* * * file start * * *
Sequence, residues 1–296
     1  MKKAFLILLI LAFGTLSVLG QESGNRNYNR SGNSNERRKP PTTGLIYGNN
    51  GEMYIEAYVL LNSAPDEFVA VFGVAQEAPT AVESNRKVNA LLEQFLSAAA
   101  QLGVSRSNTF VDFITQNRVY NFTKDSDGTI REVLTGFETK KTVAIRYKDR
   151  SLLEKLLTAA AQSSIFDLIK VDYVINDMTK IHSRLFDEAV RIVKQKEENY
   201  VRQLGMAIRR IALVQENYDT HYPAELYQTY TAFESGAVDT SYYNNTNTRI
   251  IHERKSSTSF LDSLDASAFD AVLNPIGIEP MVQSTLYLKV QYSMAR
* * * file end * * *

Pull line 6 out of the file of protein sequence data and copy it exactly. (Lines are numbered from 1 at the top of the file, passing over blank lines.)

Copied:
   201  VRQLGMAIRR IALVQENYDT HYPAELYQTY TAFESGAVDT SYYNNTNTRI